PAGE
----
by Maurie Backman | April 22, 2020
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Millions of people have already lost jobs due to COVID-19. Here's what to do if you fear you'll join their ranks.
COVID-19 hasn't only impacted the health of several hundred thousand Americans; it's also resulted in millions of unemployment claims. The ongoing health crisis has forced record numbers of people out of their jobs, and many fear it will get worse before it gets better. If you've managed to retain your paycheck thus far but are worried about a layoff in the not-so-distant future, here are a few critical steps to take.
If you lose your paycheck, you may be entitled to unemployment benefits -- we'll get into that in a bit. But those benefits may not replace your entire paycheck, or even come close, so if you're concerned about a potential layoff, take a look at your emergency fund and see how robust it is. Ideally, you should have enough cash in your savings account to pay for three to six months of living costs. Given that we may have a full-blown recession on our hands this year, it's a good idea to aim for the higher end of that range.
If you're not happy with the way your emergency fund looks, start saving every dollar you can as long as your job holds steady. You may even want to think about cutting back on certain expenses (say, not ordering takeout or delivery) to boost your savings while you can.
Getting laid off doesn't just mean losing your paycheck; it could mean losing your health coverage. And at a time when the country is deep in the throes of a health crisis, that's a scary thought.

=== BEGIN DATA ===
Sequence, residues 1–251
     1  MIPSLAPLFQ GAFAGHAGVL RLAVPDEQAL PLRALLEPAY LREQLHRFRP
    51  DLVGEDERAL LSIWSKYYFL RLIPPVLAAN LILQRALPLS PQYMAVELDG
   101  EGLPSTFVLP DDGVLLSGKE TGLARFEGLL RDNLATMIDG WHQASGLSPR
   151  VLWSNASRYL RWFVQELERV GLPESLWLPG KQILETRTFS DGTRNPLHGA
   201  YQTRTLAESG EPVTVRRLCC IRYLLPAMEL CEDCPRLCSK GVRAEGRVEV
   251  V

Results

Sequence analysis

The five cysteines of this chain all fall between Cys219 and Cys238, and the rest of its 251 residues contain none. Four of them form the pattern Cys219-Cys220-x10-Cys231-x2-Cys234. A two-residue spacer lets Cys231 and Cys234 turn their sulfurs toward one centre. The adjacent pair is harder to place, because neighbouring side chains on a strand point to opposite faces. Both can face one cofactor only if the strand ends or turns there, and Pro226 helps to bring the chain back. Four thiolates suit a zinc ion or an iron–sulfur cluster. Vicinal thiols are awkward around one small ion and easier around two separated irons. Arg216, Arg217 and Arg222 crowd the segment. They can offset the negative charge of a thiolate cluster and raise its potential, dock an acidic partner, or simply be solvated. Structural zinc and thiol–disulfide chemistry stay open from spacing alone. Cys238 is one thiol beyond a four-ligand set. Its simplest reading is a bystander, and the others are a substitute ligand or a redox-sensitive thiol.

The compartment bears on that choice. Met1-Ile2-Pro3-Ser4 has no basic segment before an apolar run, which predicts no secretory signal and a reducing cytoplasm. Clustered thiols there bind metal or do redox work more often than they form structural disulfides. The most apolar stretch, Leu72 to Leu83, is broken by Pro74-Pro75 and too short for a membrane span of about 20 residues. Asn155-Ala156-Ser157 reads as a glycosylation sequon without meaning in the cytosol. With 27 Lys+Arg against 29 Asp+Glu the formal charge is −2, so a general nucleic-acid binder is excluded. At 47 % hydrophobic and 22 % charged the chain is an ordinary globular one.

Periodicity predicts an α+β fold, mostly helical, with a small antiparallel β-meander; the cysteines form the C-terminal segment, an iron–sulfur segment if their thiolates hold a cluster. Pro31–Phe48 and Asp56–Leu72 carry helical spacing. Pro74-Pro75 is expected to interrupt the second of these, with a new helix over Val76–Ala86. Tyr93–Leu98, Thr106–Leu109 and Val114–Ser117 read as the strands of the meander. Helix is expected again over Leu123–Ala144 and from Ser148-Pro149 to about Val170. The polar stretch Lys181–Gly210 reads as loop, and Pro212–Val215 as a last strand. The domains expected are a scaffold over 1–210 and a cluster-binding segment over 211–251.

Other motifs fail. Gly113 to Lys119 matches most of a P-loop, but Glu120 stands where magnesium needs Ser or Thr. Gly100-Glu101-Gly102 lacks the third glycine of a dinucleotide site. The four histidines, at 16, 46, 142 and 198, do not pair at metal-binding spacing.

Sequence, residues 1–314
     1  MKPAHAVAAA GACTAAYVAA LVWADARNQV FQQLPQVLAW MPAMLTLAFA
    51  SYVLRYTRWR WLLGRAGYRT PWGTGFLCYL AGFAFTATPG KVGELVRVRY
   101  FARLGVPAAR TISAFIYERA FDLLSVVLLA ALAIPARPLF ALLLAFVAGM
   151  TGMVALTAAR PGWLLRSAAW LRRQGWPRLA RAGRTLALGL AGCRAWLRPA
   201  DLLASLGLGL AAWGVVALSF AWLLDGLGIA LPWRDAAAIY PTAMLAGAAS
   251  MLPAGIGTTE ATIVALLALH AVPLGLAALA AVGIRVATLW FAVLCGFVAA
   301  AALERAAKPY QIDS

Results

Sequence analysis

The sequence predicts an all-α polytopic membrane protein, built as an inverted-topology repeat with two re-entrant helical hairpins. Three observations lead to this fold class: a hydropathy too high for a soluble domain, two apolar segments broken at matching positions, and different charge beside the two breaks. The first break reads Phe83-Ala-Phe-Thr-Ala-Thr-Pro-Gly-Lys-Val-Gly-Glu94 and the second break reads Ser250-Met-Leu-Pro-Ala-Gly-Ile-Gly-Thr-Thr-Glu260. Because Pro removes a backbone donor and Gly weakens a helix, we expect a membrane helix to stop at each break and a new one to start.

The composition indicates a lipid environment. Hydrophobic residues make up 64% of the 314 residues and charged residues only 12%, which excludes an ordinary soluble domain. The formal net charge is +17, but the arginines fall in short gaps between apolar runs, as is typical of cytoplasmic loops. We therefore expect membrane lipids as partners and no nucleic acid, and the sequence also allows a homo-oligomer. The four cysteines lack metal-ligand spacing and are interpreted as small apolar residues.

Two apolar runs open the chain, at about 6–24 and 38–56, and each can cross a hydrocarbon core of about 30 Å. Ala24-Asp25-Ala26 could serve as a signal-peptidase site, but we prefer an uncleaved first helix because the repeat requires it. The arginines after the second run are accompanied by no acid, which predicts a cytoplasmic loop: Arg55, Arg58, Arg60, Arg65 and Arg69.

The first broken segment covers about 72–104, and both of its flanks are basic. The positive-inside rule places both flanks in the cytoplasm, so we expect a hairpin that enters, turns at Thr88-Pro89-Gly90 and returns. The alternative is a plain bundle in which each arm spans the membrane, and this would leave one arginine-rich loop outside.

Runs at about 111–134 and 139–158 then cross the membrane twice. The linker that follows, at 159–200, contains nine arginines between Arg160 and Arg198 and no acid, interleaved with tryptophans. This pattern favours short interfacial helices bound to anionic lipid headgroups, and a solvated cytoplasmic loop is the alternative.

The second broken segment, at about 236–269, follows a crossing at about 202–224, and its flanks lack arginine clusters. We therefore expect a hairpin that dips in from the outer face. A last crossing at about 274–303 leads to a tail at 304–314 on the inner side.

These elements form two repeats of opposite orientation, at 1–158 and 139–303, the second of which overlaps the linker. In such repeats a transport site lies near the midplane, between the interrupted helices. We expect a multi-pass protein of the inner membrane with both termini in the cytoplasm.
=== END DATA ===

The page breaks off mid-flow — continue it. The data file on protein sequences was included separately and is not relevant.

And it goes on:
If you're worried you might lose your job, start exploring different options for getting health insurance. If you're married, you may be able to hop onto your spouse's work plan, albeit at a cost. You can also see about retaining your current health plan through COBRA. COBRA allows you to keep an existing health plan for up to 18 months, but since employer insurance is often heavily subsidized, you may find that this option is just plain unaffordable without a paycheck. Finally, you can start looking at plan options through healthcare.gov -- you should qualify to apply for a new plan if your existing coverage is terminated.
You'll generally qualify for unemployment benefits if you lost your job due to no fault of your own (meaning, you weren't fired for something you did) and earned enough income to meet your state's eligibility requirements. The rules and process of filing for unemployment vary from state to state, but one thing you should know is that right now, all beneficiaries get a weekly $600 boost on top of the weekly benefit they're otherwise entitled to. Plus, benefits have been extended nationwide by 13 weeks on top of the existing benefit period you can get in most states.
You can also look at the way your state calculates weekly unemployment benefits to get a sense of how much money you may be entitled to if your job goes away. That information could help you better plan for that possibility.
Though it's a good thing to be positive about your job prospects even when the economy is getting battered, it also helps to face reality. If you're concerned about losing your job, prepare for that scenario ahead of time. That way, you may be less stressed if it actually happens.
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